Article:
A friend and I have been working on converting lots of game soundtracks from .nsf over to .nsfe. There is an archive for this sort of thing HERE, although we don't run it, we merely contribute. We have lots of NSFEs not yet up on slickproductions, if you wanted to keep an eye on those as we make 'em, check this thread on theshizz.

You can also more directly take a look at the uploads on our ftps-
NSFE by me
NSFE by MegaMatt

If you're uninitiated with the format, NSFE is identical to NSF (the source NSF file is actually inside the NSFE), only that you have additional tagging information. It allows you to give proper track names, lengths + fades, and reorder and remove tracks (like sfx). It basically turns an NSF into a more listen-able, album-like format. It brings NSFs up to speed with things like tagged SPC and VGM soundtracks.

The one catch with NSFE is a lack of widespread support - not every NSF player supports it. Thankfully for windows and OSX you have two reliable options, notsofatso (for winamp), or game music box. Then there are some other players that also support NSFE, but only with limited functionality. For example rock box will play NSFE files, but it won't display track names. Audio Overload will open and play NSFE files, but it only displays the track titles, and doesn't handle the timing / fading / and reording information.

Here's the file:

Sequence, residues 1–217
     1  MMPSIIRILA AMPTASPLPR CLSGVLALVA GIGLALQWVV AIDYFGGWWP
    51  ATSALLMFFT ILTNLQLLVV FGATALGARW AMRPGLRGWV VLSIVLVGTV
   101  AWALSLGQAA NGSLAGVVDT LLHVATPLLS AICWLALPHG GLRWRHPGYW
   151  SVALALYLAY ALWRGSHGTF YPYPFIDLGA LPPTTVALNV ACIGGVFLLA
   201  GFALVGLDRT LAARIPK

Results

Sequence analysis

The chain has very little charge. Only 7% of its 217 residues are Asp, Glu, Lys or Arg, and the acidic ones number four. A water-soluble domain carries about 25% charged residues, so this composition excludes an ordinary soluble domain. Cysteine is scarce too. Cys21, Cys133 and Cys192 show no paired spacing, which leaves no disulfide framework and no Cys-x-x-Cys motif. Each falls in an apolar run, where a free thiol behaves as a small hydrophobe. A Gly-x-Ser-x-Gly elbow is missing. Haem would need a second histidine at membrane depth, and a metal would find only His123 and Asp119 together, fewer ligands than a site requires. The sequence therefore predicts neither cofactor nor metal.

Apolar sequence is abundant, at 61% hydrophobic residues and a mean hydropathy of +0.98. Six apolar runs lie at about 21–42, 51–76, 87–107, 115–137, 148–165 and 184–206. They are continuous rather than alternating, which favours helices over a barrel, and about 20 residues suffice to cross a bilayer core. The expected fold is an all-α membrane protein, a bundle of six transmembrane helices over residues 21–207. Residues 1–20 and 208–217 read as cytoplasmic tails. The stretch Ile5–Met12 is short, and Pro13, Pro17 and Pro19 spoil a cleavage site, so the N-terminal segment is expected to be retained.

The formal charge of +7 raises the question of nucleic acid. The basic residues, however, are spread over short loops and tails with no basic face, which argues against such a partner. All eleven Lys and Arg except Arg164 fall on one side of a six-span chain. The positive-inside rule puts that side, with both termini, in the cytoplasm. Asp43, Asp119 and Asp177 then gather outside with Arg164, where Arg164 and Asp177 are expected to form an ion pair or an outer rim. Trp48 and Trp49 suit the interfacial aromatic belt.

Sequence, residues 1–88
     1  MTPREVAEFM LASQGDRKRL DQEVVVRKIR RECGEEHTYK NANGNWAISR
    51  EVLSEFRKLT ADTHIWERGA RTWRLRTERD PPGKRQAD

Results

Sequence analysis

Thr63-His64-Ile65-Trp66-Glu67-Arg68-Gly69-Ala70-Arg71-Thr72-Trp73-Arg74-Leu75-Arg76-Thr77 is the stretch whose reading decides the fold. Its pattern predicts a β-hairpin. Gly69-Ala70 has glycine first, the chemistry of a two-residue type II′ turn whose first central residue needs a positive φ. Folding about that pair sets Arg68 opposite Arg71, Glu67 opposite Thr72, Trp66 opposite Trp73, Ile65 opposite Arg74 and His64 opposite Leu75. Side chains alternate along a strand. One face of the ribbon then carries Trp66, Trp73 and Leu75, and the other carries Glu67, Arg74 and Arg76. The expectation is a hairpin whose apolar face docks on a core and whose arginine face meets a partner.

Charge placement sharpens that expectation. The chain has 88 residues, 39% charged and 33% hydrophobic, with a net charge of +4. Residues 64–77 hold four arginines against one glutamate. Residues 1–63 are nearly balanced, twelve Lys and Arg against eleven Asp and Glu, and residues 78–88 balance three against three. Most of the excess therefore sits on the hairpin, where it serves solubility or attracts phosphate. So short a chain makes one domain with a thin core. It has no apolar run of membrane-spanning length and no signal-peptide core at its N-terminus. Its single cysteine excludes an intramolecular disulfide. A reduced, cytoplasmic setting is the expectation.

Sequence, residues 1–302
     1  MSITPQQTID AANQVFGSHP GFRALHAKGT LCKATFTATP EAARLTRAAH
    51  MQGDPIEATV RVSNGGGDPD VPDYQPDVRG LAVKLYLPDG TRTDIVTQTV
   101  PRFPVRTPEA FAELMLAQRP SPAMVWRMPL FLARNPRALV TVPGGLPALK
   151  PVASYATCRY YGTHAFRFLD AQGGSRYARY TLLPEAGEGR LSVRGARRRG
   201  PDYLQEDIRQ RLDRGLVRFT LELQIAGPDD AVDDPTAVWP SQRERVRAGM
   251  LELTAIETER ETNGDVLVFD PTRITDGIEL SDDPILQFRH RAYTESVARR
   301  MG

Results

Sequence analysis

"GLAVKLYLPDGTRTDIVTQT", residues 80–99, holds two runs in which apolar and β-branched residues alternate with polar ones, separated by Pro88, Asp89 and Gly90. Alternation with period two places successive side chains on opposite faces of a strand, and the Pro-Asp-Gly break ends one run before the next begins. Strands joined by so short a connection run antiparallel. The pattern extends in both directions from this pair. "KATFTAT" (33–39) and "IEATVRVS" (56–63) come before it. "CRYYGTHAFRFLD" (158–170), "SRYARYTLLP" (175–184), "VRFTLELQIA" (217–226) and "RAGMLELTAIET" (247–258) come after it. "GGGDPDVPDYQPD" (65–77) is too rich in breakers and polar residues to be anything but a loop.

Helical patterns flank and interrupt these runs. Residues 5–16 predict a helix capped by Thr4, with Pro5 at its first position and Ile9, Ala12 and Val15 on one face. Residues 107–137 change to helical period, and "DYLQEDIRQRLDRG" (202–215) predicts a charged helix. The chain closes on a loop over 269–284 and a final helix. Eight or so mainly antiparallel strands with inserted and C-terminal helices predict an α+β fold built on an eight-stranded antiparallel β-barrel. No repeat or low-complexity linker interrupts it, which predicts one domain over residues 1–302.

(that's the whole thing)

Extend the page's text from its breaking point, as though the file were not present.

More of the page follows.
Thankfully, p1xl is including NSFE support for his flash nsf player that is in development. I think that'll renew some interest in the format, and I have a project in mind because of it...

I'm of course not expecting this to 'take over' the nsf format, however when it comes to archiving and documenting classic video game soundtracks, the un-tagged nature of NSF would be completely unacceptable in other communities with more rigid (and rightfully so) standards on presenting this sort of thing. big_smile Which doesn't mean I'm not in love with the current NSF archives... I just consider this an important 'phase 2'. Thankfully, tagging NSFEs requires zero knowledge of programming or ripping NSFs, so that enables folk like me to get more involved.

Any questions, concerns, soundtrack requests... feel free to post them! I'll be posting a tutorial below.

Last edited by bucky (Jul 30, 2010 10:10 pm)


I know there's a forum for tutorials, but I think it'll make sense to have all the information and discussion in one place... smile


Step #1 - Download and run notsofatso for winamp.

-If you can now listen to NSFs in winamp with notsofatso, you're all set.
-I know there have been some "unofficial" patches and updates to this plugin, NSFE support should still work with those if you've implemented them, but you don't need them.

Step #2 - Pick an NSF.

-Open an NSF file with winamp + the notsofatso plugin.
-Open the winamp playlist, right click the nsf there and hit "View file info". This is the same way you view and edit MP3 tags with winamp, only an NSF-related thing pops up instead of an MP3 tag editor:

Step #3 - Turn the NSF into an NSFE.

-Hit the 'Convert to NSFE' button. It'll look to export it into whatever folder you last opened a file from in winamp, but you can change that.
-Now, you've exported the NSFE, but it's not open yet. So close the tag editor, remove the NSF from the playlist.

Step #4 - Open the NSFE file..

-Open the NSFE like any other file with winamp and repeat step 2.
-Now you have a more advanced editor, with two extra tabs for naming tracks + setting times, and ordering tracks, in the top right: